The golden dress of Adele Bloch-Bauer shows Gustav Klimt’s portrayal of a woman unrestrained by the world around her. Compared to other portraits of high-society ladies of her time, this portrait stands out amongst the rest. Instead of painting an upper-class woman lounging in gardens or reading on sofas, Klimt transforms Adele into an otherworldly figure. Her dress is a swirling figure filled with triangles, eyes, rectangles, and iconography. There are no signs of straight-laced corsets or layers upon layers of clothing. Instead, she is exemplified as uninhibited as she floats in her world of gold. Art Nouveau contains themes of nature and mythical imagery. It also relates to the bohemian fashion that Klimt wore himself and used in various other paintings.  

 

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Emilie Flöge and Gustav Klimt in the Garden of Villa Oleander in Kammer on Lake Attersee, 1908, via The Leopold Museum, Vienna

 

Klimt often painted designs created by the fashion designer Emilie Flöge. She is not as well known as her contemporaries or predecessors in the fashion world, but she took resounding steps in creating fashion for the women of her time. At times it was a collaborative effort as Klimt used her famous dresses in many of his other paintings as well. Flöge’s dresses have loose silhouettes and wide sleeves, which did not include corsets or other restrictive undergarments. The works of both Klimt and Flöge advanced a bohemian way of life with blurred boundaries between the traditional and unconventional as seen in the portrait of Adele Bloch-Bauer.    

 

La Musicienne (1929) By Tamara Lempicka

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 La Musicienne by Tamara de Lempicka, 1929, via Christie’s

 

Tamara Lempicka created portraits that explored femininity and independence during the 1920s. The art deco painter became known for her portraits of celebrities that explored a stylized and polished form of Cubism that became her trademark. Ira Perrot (a close friend and lover of Lempicka’s) is seen as a literal manifestation of music in La Musicienne. What makes the painting stand out is her rendering of the blue dress. Lempicka’s technique of casting sharp shadows with her saturated color palette gives movement to the dress so that appears that she is floating on air. The dress’s short hemline and cascading pleats are still reminiscent of 1920’s fashion, which was a turning point in women’s fashion. Women wore famous dresses that showed off their legs and arms while wearing pleated skirts that made it easier to dance in.

 

Lempicka was inspired by and studied the works of Master Renaissance Artists and used similar themes with a modern approach. Traditionally the color blue can be seen on the gowns of the Virgin Mary in Medieval or Renaissance paintings. Ultramarine blue was rare and was used sparingly for significant paintings. Here, Lempicka is unafraid to use the color as the dominant focal point in the portrait. It is this blue, along with her exceptionally strong use of smooth paint, that amplifies the luminosity and grace of her flowing dress.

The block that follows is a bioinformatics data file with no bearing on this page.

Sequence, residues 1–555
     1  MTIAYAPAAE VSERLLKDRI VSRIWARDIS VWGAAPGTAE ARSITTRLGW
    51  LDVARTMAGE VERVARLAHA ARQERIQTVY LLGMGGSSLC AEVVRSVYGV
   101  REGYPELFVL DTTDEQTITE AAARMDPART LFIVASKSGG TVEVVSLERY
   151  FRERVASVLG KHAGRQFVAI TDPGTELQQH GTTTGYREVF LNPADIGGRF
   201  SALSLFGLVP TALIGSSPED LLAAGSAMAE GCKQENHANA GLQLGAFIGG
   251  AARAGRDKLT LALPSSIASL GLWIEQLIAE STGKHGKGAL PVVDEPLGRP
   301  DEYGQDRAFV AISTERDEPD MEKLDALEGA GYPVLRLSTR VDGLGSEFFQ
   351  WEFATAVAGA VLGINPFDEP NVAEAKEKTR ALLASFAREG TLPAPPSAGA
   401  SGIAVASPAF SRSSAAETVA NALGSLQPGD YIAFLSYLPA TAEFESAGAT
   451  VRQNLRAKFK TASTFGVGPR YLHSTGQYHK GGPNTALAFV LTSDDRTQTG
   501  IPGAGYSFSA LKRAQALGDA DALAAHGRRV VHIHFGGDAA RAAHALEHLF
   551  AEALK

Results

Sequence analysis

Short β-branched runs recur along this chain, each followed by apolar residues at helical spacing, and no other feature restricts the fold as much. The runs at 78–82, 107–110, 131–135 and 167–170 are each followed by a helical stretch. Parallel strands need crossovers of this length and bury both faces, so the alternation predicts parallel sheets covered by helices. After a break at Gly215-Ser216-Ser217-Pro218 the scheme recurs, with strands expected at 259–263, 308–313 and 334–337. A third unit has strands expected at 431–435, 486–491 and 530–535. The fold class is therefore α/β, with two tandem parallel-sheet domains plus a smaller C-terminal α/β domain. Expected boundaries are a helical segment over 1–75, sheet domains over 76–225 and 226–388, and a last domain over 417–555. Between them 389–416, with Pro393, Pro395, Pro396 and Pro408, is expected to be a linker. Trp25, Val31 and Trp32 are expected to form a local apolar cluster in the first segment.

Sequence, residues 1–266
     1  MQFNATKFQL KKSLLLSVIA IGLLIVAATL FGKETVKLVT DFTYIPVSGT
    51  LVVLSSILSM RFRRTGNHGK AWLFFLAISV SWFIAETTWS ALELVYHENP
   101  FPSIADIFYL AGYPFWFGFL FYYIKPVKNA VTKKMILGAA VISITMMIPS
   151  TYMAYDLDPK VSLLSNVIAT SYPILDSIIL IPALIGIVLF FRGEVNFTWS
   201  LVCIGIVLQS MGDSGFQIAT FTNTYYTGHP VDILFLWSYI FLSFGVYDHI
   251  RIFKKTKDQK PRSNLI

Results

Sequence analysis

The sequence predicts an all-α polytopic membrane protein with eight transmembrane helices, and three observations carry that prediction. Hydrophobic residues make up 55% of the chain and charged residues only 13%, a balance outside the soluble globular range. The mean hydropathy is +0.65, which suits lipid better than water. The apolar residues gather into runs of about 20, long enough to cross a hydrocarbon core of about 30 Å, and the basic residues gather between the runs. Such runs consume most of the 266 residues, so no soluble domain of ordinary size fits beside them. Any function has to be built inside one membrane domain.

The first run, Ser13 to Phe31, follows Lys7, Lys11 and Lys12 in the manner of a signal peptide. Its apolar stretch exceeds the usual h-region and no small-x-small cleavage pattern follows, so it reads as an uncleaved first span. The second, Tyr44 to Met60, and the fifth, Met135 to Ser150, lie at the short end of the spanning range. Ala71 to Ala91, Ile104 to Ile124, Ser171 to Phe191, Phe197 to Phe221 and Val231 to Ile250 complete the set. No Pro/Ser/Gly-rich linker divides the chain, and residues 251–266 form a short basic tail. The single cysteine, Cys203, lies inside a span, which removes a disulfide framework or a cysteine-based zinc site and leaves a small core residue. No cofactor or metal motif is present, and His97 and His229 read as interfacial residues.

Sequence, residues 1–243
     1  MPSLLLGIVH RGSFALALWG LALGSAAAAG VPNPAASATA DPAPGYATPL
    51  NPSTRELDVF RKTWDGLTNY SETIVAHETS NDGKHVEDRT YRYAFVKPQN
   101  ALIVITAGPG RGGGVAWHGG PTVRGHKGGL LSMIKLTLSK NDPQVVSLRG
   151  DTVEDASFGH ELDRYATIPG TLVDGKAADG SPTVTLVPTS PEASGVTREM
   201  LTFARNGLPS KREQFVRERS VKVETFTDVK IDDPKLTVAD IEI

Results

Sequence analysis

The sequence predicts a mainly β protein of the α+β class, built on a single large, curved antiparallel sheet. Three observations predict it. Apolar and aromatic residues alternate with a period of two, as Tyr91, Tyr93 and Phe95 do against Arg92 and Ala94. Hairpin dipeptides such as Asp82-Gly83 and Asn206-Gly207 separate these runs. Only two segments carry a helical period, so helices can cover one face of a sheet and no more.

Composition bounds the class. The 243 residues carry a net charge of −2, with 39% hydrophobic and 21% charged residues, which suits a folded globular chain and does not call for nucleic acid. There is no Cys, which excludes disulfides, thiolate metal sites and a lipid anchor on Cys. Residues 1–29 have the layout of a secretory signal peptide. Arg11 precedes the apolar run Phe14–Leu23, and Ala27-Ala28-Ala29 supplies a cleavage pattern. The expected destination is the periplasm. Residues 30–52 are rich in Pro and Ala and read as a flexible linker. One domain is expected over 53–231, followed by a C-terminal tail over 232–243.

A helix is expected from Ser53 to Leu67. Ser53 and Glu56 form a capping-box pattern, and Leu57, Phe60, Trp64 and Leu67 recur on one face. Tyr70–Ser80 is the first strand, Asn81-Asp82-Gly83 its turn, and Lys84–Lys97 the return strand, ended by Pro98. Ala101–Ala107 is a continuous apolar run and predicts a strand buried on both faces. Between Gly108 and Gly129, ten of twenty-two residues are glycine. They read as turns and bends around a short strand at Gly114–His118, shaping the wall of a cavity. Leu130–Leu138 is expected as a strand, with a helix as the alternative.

The Two Fridas (1939) By Frida Kahlo 

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The Two Fridas by Frida Kahlo, 1939, in Museo de Arte Moderno, Mexico City, via Google Arts and Culture

 

The colorful and hand-woven textiles of Mexico are entwined with the legacy of Frida Kahlo. She embraced these garments as part of her heritage and is seen wearing them in multiple self-portraits and photographs. The famous dresses shown in Frida Kahlo’s The Two Fridas symbolize her connections to both sides of her European and Mexican heritage. 

 

The Frida on the left is reflective of her upbringing in an upper-middle-class family. Her father was originally from Germany, and her childhood home life contained western customs. The white lace of her dress is symbolic of the style popular in European fashion. This westernized version is in contrast to the right Frida’s desire to embrace her Mexican heritage by wearing a traditional Tehuana dress. This clothing is something that was encouraged by her husband Diego Rivera, especially in their fight for change in their country. It showcased her pride in wearing indigenous and traditional clothing from Mexico.

 

Kahlo’s clothing is an important aspect of her life and work. After contracting polio as a child one of her legs was shorter than the other. Her colorful skirts became a way for her to conceal her leg in a way that protected her from scrutiny. Her wardrobe included Tehuana dresses, huipil blouses, rebozos, flowered headpieces, and antique jewelry. These garments are important to note when looking at works by Kahlo, as they are an illustration of her love, pain, and suffering that she incorporates in her work.



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By Adrienne HowellBA Integrated Studio Arts & BS Apparel DesignAdrienne currently works as a photographer and visual artist in the Midwest. She earned degrees from Iowa State University with a BA in Integrated studio arts, focusing on drawing & painting, and a BS in Apparel Design with an emphasis on fashion and textiles.